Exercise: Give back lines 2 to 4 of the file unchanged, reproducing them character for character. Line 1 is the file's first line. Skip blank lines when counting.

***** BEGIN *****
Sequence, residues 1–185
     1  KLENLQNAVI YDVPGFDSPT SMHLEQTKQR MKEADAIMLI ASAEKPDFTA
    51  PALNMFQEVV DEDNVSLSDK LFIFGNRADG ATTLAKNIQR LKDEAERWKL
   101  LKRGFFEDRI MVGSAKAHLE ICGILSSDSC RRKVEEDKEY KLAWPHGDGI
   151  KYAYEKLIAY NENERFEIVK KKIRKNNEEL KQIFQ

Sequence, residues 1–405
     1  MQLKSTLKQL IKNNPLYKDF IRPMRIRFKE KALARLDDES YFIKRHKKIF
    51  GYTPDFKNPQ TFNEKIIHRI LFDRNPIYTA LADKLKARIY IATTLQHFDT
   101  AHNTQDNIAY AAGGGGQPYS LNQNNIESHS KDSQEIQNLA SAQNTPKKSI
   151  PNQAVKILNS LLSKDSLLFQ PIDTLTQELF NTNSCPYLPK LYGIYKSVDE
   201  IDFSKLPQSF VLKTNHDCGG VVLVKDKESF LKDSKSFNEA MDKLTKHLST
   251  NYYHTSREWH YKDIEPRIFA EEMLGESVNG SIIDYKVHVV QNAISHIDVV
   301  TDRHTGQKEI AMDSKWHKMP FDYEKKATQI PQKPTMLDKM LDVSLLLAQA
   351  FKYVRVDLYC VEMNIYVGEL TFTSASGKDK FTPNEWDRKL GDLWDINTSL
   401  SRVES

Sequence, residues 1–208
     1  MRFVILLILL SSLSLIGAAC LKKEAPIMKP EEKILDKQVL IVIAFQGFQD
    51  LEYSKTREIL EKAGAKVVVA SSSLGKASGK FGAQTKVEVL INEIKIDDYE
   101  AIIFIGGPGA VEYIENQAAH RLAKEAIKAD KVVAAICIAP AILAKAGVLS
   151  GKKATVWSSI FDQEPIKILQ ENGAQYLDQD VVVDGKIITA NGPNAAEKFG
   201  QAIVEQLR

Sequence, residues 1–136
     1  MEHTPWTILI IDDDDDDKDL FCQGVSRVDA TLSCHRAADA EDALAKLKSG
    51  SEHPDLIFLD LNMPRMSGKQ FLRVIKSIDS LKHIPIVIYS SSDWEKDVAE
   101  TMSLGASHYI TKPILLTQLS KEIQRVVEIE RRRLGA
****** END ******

     1  KLENLQNAVI YDVPGFDSPT SMHLEQTKQR MKEADAIMLI ASAEKPDFTA
    51  PALNMFQEVV DEDNVSLSDK LFIFGNRADG ATTLAKNIQR LKDEAERWKL
   101  LKRGFFEDRI MVGSAKAHLE ICGILSSDSC RRKVEEDKEY KLAWPHGDGI